Despite this, I doubt that this can be successfully produced as a commercial product, for the following reasons:
  • It’s a one trick pony – it can’t store energy for general use, only for heating cooling. Batteries store electricity, which is more generally useful. Batteries also have a lot of “public mindshare” and will be hard to compete against
  • The cost of the PCM is significant. To be sold for $1500, it would need to be made for 1/2 that, which I don’t think is possible. I think a bespoke heater could be made for $1500, but that would be using “scrounged” parts wherever possible, since the retail cost of PCM would be about $1500.
Despite this, I think my system has some real advantages over using batteries to power heating/cooling:
  • Its embodied-energy is very low in comparison with batteries
  • It can be expected to have a very long useful life and is repairable (the only moving part is a fan which is replaceable). I could imagine a unit lasting for decades if well-made.
  • It is (relatively) easy to integrate with evacuated tubes to collect extra heat in winter


Most Australian houses have poor thermal performance. This device allows one to store heat/coolth that can be released when it is wanted. Because there are low temperature gradients (the internal temperature range in the device might not go outside -4 to 40°C) it should be easy to insulate. It is a cheap and easy retrofit (compared with improving the building envelope) that allows people to store large amount of heat/coolth to use as they please and is inherently compatible with renewable energy systems.

Sunday, September 4, 2016

Don't abandon the plebiscite

I am not LGBTI, but I am an ally. I strongly believe that all Australians are better-off with marriage equality, and I hope for a future that is more inclusive and less judgemental. I realise that I can’t understand the discrimination that LGBTI people suffer, but have had a few thoughts about the “debate” and how LGBTI people might strategise to get the outcomes they want.
I’m certainly not arguing that a plebiscite is a good outcome (John Howard's government changed the Marriage Act without a plebiscite -- there's no reason this government can't change it too), but it might be the only way of getting marriage equality during this term of parliament. If that’s the case, I think it should be pursued.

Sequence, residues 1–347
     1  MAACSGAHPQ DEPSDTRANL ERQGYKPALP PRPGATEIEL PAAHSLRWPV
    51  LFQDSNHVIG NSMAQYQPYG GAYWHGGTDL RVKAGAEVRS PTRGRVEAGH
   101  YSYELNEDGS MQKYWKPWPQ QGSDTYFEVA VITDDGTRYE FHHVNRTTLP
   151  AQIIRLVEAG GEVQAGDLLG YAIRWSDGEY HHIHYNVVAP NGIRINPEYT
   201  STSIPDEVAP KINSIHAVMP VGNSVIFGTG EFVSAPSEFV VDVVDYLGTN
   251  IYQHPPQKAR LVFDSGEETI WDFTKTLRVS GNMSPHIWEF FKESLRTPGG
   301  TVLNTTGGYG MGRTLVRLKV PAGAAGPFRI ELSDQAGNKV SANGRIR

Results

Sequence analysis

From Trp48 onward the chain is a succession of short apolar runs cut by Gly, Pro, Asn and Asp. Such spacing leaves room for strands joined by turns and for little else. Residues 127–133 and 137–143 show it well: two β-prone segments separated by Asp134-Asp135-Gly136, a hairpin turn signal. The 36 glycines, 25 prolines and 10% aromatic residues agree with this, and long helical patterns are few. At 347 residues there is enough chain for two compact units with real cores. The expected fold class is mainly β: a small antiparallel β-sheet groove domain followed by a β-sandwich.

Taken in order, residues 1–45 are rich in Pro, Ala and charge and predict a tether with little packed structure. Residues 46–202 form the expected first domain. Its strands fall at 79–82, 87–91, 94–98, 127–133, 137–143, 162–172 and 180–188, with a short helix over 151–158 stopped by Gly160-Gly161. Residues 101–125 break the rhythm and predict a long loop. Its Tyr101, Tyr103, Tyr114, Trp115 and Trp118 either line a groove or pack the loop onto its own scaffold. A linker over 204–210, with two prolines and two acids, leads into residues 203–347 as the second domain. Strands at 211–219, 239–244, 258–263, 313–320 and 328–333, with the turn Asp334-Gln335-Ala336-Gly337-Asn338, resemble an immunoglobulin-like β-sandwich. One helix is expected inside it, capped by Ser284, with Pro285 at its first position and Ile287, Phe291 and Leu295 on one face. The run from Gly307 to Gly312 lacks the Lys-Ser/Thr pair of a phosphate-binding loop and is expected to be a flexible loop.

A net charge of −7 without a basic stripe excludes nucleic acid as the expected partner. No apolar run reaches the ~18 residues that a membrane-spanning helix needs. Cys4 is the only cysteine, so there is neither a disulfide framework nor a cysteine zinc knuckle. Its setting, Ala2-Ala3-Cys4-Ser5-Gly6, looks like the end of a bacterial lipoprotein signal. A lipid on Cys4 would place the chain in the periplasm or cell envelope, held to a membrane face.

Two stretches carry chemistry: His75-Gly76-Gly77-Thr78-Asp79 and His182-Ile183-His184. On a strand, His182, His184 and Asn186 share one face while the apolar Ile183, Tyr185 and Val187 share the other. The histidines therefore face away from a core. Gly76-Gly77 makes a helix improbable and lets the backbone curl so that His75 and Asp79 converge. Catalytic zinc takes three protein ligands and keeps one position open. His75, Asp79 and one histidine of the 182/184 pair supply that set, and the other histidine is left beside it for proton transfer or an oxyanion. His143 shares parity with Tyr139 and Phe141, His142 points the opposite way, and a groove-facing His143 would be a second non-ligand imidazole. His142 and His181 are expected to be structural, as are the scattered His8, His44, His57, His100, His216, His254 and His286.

Note that I’m only thinking about the politics here, not whether a plebiscite on marriage equality would actually succeed, or any nastiness it might raise – I’m not very knowledgable on either of those things (and it's not for me to glibly talk about LGBTI people tolerating extra abuse for the greater good).

Thoughts in brief:

Marriage equality is a wedge-issue for the Coalition. The (small-l) liberal (progressives) like Turnbull support marriage equality, while the conservatives oppose it. Therefore, there are internal politics at play within the Coalition, with both the (small-l) liberals and conservatives hoping to use the issue to strengthen their power within the party. Turnbull wants to strengthen his prime-ministership, the conservatives want to replace him with someone like Abbott.

Labor is happy that they have found an issue on which to wedge the Coalition. The Coalition successfully wedged Labor on asylum seekers for two decades, and Labor are happy to pay them back. Because of this, politically, Labor are not in a hurry to resolve this. The longer they can prolong this issue, the more political mileage they get from it. The ideal outcome for Labor would be for this to drag on over several electoral cycles. Labor can keep ineffectively “trying” to get marriage equality to happen, and paint the Coalition as the breakers. If this continued, people for whom this is a big issue (ie. The LGBTI community) could become a captive constituency – they are forced to support Labor as the lesser-evil: they know the Coalition will never do it, so they can’t vote for them, but Labor is therefore not in a rush to do anything either. This would be a disaster for the LGBTI community.